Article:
Pet Hospital Review - Screenshot 1 of 3

No one wants to feel as though they're doing a terrible job of taking care of their pets. Sadly, there are times when you may drop an animal and it gets hurt, or your beloved pet may get old and need veterinary medical attention; that's the real world. In the virtual world, though, Pet Hospital has you covered.

Unlike My Pets, Pet Hospital is all serious business. This isn't the fluffy, feel-good game with the occasional hiccup in pet care, in which love and some ointments can take care of your pet's every day needs. Pets Hospital incorporates those things into caring for your pet too, but there's also a more dreary reality to this game. Your role in this wellness treatment and vet simulator is as an assistant to the Vet at a local hospital, with all of the responsibilities that brings.

Pet Hospital Review - Screenshot 2 of 3

What we have, then, is a repetitive cycle of following medical procedures that begin with weighing animals, diagnosing by temperature taking and listening for heartbeats. A vague conversation about a diagnosis follows, then it's off to "fix" the problem by going through a series of mini-games for treatment in injecting animals, rubbing ointments, and a few other things. The game opens up through mission objectives which are a series of checklists on things you must do to proceed to the next achievement; they include tasks such as treating two types of animals in-house or letting them stay overnight for extra treatment. Extra treatment means more medical mini-games, feeding, petting and cleaning of the animal houses. There are larger goals to be met, such as buying medical equipment which will create new mini-games, or buying buildings to house and treat larger animals, which begins with rodents and later moves on to pets such as birds and rabbits.

Gameplay doesn't change a great deal depending on the animal; it's still a series of simple processes completed in sequence. Mini-games change a little depending on equipment you buy, which is how new variations are introduced. For instance buying the stethoscope, which is a required objective, will open up a mini-game in which players draw circles around same-coloured bacteria or specimen samples to combine them into one big terrifying glob-like disease. However, all the games - as with My Pets - are just as you would expect. They involve a series of sliding, drawing, and tapping the stylus to complete activities. There's nothing particularly difficult about them, except that some can have small annoyances. As an example, there are timing activities which require your movements to be just right when playing a small game of acupuncture bullseye. The needle will hover over a designated area which players will have to pinpoint as the needle moves erratically. It's not always the most accurate of mechanics.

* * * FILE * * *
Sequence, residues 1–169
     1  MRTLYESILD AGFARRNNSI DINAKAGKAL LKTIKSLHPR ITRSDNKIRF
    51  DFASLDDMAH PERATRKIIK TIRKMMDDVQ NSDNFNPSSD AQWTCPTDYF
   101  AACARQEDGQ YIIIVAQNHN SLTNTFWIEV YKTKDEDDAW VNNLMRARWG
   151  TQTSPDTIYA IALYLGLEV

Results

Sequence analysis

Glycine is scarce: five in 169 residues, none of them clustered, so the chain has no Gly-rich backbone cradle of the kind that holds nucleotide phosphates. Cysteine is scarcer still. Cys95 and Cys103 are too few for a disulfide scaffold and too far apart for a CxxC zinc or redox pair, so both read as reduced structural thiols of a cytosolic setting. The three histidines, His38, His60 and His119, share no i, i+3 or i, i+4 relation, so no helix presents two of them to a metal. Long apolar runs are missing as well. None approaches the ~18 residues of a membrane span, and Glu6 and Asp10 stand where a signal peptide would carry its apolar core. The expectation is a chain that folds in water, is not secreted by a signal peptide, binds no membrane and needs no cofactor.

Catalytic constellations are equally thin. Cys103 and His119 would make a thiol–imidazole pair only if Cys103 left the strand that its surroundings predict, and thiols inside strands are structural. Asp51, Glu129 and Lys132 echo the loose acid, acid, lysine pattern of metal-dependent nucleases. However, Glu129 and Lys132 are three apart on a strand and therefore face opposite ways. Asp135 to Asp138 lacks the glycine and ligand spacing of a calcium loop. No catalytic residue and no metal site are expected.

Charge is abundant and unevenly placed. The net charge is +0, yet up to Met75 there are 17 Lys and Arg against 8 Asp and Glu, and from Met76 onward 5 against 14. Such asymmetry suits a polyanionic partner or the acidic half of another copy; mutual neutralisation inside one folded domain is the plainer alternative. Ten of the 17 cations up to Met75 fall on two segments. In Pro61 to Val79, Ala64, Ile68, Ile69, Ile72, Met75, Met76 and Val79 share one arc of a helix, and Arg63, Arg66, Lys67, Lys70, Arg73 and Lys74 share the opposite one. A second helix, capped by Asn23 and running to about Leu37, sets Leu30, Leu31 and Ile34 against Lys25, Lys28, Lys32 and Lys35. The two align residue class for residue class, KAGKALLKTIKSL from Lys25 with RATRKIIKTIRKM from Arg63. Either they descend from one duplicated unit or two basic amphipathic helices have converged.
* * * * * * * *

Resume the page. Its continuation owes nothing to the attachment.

Pet Hospital Review - Screenshot 3 of 3

There's one relatively notable thing about Pets Hospital, and that is the timer to complete each action during the examination portion of the game. Time is money after all. The timers are all relatively generous as the mini-games don't require any real skill to complete. Do they add even the tiniest bit of pressure? Maybe they would for much younger players. What's scary, however, is that if the timer runs out your character will state that you will try better next time. What happens to the pets you 'failed' to treat? Is there a next time for them? It's hard to tell when all the animals that come through generally have the same problems, and client names don't really matter much after treating all the lifelike animals in rapid succession.

My Pets had the same overworld aesthetic, using realistic looking surroundings and animals in the game. Pets Hospital does the same but there are more areas to explore, and it doesn't feel as lifeless. However, the style of your human characters are less cartoonish and have a more realistic style. The dialogue itself is also strange; content-wise the conversations work, but they certainly don't flow well. They do fulfil the job of punctuating the very light story of the game in which the clinic expands; who knew your character could treat rabbits until your assistant friend had a rabbit emergency? No one did, but thank goodness because that's an excuse to buy a rabbit house and treat those animals too.


Pet Hospital is a series of routine tasks that involve dragging, sliding and tapping the stylus. What is different about this game compared to My Pets, other than its setting, is a series of timed mini-games which has the potential to add the tiniest little bit of anxiety for younger players. It also is more mission-based approach, with checklists that give the game a slightly more focused feel. That said, it is rote and there is nothing very compelling about it to encourage the player; the gameplay is just too repetitive to hold attention for long periods of time. Games like these may be designed exactly for short bursts of play, but when mission objectives consist of the same requirements, with a dull story that lacks quality sprinkled in between, there's barely any fun to be had.